Photo by Eqqman
For the successful products I've worked on, the process has always been like this:
1 – Take an general idea (eg there's a lot of valuable data in everyone's inbox that can be used to solve problems)
2 – Think through some practical applications and users
3 – Prototype the product, and try it out on people
4 – Take what clicked, if anything, and repeat steps 3 and 4 until you have something awesome
I have a bias against big visions, pre-market analysis, or even having a detailed plan up-front. I prefer to bet on my ability to execute the product development stages really well and end up in a good place.
This is not how most people work, and it's definitely not what potential investors and other people involved in evaluating a startup want to hear. I've spent the last few months focused on selling other people on my ideas for where I can take the business, rather than iterating on the product. What I've found is that I'm just not that great at communicating a grand vision. In my heart I believe you always start off with a product that sucks, and you find your way to Jesus through your interactions with customers.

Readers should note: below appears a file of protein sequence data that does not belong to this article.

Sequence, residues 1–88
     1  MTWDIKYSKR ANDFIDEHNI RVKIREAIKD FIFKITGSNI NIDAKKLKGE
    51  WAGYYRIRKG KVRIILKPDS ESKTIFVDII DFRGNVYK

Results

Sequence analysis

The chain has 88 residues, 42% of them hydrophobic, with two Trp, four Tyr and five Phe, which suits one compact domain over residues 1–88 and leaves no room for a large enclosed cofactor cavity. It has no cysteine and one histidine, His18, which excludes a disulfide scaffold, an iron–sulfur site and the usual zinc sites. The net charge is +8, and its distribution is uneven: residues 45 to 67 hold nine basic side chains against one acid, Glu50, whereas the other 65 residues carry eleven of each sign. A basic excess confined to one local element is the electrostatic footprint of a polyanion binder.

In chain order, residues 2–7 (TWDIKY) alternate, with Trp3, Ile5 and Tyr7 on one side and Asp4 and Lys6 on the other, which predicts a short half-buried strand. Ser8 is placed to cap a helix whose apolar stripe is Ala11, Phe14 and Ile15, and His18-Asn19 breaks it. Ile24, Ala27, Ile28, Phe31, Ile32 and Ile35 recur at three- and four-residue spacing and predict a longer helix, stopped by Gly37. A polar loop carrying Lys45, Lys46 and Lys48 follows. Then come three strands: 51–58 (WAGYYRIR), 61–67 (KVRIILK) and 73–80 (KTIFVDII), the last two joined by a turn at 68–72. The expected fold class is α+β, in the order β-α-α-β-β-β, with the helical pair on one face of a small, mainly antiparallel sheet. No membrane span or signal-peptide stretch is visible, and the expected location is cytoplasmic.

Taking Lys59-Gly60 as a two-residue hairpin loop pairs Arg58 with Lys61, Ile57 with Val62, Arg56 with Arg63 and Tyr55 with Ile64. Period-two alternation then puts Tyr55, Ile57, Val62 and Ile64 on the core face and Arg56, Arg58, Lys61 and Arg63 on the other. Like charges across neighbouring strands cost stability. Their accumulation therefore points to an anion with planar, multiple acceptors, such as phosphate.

With that in mind, over the next couple of months I'm going to play to my strengths and focus on getting more folks using Mailana and helping me improve the product. If you're interested in helping, please sign up for beta testing!